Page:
From this study, characterized of microbiome revealed genus Rothia as a potential biomarker for RR-TB patients. Another interesting finding is the characteristic of the community structure of the microbiome in MDR-TB and RR-TB. In addition, in chronic TB cases such as recurrent and failed treatment of TB, and associated with MDR-TB or RR-TB should attention that although the findings of a small number of phylum Actinobacteria could be a biomarker of TB which is also a determinant of clinical outcomes in patient care taking anti-TB drugs with a choice of the drug combination.

Ethical clearance


Financial support and sponsorship

This study was financially supported by Faculty of Medicine, Universitas Airlangga.

Conflicts of interest

There are no conflicts of interest.

  References Top

WHO. Global Tuberculosis Report 2020. Geneva: World Health Organization; 2020. Available from: https://www.who.int/publications/i/item/9789240013131. [Last accessed on 2021 Jun15].  Back to cited text no. 1
Lin HC, Perng CL, Lai YW, Lin FG, Chiang CJ, Lin HA, et al. Molecular screening of multidrug-resistance tuberculosis by a designated public health laboratory in Taiwan. Eur J Clin Microbiol Infect Dis 2017;36:2431-9.  Back to cited text no. 2
Takawira FT, Mandishora RSD, Dhlamini Z, Munemo E, Stray-Pedersen B. Mutations in rpoB and katG genes of multidrug resistant Mycobacterium tuberculosis undetectable using genotyping diagnostic methods. Pan Afr Med J 2017;27:145.  Back to cited text no. 3
Krishna P, Jain A, Bisen PS. Microbiome diversity in the sputum of patients with pulmonary tuberculosis. Eur J Clin Microbiol Infect Dis 2016;35:1205-10.  Back to cited text no. 4
Touvier M, Deschasaux M, Montourcy M, Sutton A, Charnaux N, Kesse-Guyot E, et al. Determinants of vitamin D status in Caucasian adults: Influence of sun exposure, dietary intake, sociodemographic, lifestyle, anthropometric, and genetic factors. J Invest Dermatol 2015;135:378-88.  Back to cited text no. 5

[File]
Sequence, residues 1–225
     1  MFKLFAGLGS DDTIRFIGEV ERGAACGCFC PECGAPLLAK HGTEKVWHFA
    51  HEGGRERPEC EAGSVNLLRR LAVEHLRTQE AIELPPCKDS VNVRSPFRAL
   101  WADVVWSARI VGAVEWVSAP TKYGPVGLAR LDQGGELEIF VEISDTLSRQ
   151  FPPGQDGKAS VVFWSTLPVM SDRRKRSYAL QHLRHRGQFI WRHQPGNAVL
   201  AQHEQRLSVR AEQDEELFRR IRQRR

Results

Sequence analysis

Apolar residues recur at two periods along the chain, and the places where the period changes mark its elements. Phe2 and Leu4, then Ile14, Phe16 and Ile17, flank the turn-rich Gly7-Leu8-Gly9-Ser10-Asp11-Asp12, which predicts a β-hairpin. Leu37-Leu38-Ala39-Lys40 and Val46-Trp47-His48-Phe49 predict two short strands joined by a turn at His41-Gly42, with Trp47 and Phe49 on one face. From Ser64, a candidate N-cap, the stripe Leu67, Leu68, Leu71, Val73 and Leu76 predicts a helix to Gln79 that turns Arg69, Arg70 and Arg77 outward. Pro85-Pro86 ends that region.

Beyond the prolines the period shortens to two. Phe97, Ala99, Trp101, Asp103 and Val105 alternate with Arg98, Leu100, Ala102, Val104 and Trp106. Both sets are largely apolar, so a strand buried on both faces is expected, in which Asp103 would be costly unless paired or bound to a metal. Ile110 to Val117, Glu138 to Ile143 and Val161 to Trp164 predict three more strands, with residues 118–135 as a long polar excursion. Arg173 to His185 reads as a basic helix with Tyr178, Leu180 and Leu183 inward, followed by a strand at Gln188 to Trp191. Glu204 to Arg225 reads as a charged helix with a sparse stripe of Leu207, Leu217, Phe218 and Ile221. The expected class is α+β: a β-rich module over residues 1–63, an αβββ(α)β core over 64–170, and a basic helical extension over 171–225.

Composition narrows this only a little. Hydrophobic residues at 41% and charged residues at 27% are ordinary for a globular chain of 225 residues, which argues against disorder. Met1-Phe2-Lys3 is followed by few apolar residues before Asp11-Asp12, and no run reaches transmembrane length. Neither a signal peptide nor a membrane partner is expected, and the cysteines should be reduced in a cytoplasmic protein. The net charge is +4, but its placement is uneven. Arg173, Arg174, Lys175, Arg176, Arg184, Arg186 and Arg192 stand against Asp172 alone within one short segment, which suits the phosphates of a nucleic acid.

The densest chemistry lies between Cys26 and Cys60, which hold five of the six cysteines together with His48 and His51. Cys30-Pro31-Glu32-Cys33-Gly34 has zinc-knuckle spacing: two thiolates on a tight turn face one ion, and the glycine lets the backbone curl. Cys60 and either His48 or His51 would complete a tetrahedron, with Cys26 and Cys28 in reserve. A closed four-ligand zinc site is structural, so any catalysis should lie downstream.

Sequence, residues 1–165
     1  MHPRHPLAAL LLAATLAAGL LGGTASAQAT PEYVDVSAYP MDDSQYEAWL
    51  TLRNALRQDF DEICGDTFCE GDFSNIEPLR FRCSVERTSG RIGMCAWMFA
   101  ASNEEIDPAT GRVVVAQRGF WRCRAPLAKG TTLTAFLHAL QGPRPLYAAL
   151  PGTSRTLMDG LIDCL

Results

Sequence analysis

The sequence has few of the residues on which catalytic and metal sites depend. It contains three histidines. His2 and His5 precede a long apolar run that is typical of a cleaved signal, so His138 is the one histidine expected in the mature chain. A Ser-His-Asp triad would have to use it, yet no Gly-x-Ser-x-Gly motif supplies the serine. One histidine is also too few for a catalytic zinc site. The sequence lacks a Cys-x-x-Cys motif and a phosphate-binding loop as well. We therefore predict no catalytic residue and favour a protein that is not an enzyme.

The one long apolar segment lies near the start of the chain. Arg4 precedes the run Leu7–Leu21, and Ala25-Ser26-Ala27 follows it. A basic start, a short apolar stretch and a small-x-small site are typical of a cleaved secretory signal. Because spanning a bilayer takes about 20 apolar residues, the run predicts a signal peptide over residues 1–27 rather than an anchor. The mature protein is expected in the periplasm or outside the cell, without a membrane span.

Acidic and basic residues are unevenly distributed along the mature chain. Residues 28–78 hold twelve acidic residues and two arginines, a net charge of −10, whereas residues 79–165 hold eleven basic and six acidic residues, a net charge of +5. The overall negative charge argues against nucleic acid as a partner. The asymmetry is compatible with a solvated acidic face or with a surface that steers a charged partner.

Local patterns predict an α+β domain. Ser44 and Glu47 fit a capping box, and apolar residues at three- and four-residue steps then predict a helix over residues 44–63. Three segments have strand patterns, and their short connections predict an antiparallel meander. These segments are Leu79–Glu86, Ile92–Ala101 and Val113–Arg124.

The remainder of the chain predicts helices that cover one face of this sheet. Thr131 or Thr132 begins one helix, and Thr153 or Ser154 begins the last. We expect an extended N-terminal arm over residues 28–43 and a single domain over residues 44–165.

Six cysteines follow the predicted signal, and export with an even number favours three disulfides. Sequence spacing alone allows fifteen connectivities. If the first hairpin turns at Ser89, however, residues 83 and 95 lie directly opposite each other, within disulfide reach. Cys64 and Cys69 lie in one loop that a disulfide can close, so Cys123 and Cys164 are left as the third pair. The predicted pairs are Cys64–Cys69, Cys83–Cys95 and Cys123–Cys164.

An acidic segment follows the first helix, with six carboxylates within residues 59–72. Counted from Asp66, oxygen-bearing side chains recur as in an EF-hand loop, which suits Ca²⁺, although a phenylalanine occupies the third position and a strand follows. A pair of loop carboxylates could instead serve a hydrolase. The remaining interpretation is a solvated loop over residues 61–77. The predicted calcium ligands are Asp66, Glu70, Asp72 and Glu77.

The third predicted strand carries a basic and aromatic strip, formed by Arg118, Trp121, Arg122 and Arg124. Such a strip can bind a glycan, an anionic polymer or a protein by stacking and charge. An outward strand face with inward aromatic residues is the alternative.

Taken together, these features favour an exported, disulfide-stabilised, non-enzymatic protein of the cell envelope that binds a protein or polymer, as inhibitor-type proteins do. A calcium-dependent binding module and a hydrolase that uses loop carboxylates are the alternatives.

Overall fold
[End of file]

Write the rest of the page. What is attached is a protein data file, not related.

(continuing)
Naidoo CC, Nyawo GR, Wu BG, Walzl G, Warren RM, Segal LN, et al. The microbiome and tuberculosis: State of the art, potential applications, and defining the clinical research agenda. Lancet Respir Med 2019;7:892-906.  Back to cited text no. 6
Magoč T, Salzberg SL. FLASH: Fast length adjustment of short reads to improve genome assemblies. Bioinformatics 2011;27:2957-63.  Back to cited text no. 7
Bokulich NA, Subramanian S, Faith JJ, Gevers D, Gordon JI, Knight R, et al. Quality-filtering vastly improves diversity estimates from Illumina amplicon sequencing. Nat Methods 2013;10:57-9.  Back to cited text no. 8
Edgar RC. UPARSE: Highly accurate OTU sequences from microbial amplicon reads. Nat Methods 2013;10:996-8.  Back to cited text no. 9
Edgar RC, Haas BJ, Clemente JC, Quince C, Knight R. UCHIME improves sensitivity and speed of chimera detection. Bioinformatics 2011;27:2194-200.  Back to cited text no. 10
Wang Q, Garrity GM, Tiedje JM, Cole JR. Naive Bayesian classifier for rapid assignment of rRNA sequences into the new bacterial taxonomy. Appl Environ Microbiol 2007;73:5261-7.  Back to cited text no. 11
Quast C, Pruesse E, Yilmaz P, Gerken J, Schweer T, Yarza P, et al. The SILVA ribosomal RNA gene database project: Improved data processing and web-based tools. Nucleic Acids Res 2013;41:D590-6.  Back to cited text no. 12
Edgar RC. MUSCLE: Multiple sequence alignment with high accuracy and high throughput. Nucleic Acids Res 2004;32:1792-7.  Back to cited text no. 13
Noval Rivas M, Burton OT, Wise P, Zhang YQ, Hobson SA, Garcia Lloret M, et al. A microbiota signature associated with experimental food allergy promotes allergic sensitization and anaphylaxis. J Allergy Clin Immunol 2013;131:201-12.  Back to cited text no. 14